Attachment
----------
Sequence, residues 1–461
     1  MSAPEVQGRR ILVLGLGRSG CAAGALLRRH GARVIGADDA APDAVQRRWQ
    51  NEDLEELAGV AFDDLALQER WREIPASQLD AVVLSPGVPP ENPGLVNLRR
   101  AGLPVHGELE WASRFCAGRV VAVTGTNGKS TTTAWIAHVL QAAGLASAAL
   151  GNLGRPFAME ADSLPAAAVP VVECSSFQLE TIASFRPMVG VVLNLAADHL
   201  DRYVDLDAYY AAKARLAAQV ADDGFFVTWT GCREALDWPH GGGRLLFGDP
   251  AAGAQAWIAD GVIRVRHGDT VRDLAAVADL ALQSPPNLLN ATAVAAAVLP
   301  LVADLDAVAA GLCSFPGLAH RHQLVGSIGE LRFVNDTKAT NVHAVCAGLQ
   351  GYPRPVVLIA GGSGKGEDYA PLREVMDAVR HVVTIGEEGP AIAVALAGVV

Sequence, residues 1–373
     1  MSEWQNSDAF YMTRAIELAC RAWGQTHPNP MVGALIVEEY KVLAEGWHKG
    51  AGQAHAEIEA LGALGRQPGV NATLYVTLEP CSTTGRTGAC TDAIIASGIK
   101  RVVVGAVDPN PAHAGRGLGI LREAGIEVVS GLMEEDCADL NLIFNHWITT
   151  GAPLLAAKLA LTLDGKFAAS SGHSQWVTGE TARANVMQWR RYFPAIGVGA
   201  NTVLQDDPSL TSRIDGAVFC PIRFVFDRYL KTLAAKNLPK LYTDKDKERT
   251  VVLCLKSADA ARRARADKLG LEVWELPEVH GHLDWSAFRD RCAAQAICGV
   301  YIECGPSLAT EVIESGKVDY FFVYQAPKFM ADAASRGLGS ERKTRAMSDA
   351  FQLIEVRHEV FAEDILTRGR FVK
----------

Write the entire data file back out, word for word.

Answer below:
Sequence, residues 1–461
     1  MSAPEVQGRR ILVLGLGRSG CAAGALLRRH GARVIGADDA APDAVQRRWQ
    51  NEDLEELAGV AFDDLALQER WREIPASQLD AVVLSPGVPP ENPGLVNLRR
   101  AGLPVHGELE WASRFCAGRV VAVTGTNGKS TTTAWIAHVL QAAGLASAAL
   151  GNLGRPFAME ADSLPAAAVP VVECSSFQLE TIASFRPMVG VVLNLAADHL
   201  DRYVDLDAYY AAKARLAAQV ADDGFFVTWT GCREALDWPH GGGRLLFGDP
   251  AAGAQAWIAD GVIRVRHGDT VRDLAAVADL ALQSPPNLLN ATAVAAAVLP
   301  LVADLDAVAA GLCSFPGLAH RHQLVGSIGE LRFVNDTKAT NVHAVCAGLQ
   351  GYPRPVVLIA GGSGKGEDYA PLREVMDAVR HVVTIGEEGP AIAVALAGVV

Sequence, residues 1–373
     1  MSEWQNSDAF YMTRAIELAC RAWGQTHPNP MVGALIVEEY KVLAEGWHKG
    51  AGQAHAEIEA LGALGRQPGV NATLYVTLEP CSTTGRTGAC TDAIIASGIK
   101  RVVVGAVDPN PAHAGRGLGI LREAGIEVVS GLMEEDCADL NLIFNHWITT
   151  GAPLLAAKLA LTLDGKFAAS SGHSQWVTGE TARANVMQWR RYFPAIGVGA
   201  NTVLQDDPSL TSRIDGAVFC PIRFVFDRYL KTLAAKNLPK LYTDKDKERT
   251  VVLCLKSADA ARRARADKLG LEVWELPEVH GHLDWSAFRD RCAAQAICGV
   301  YIECGPSLAT EVIESGKVDY FFVYQAPKFM ADAASRGLGS ERKTRAMSDA
   351  FQLIEVRHEV FAEDILTRGR FVK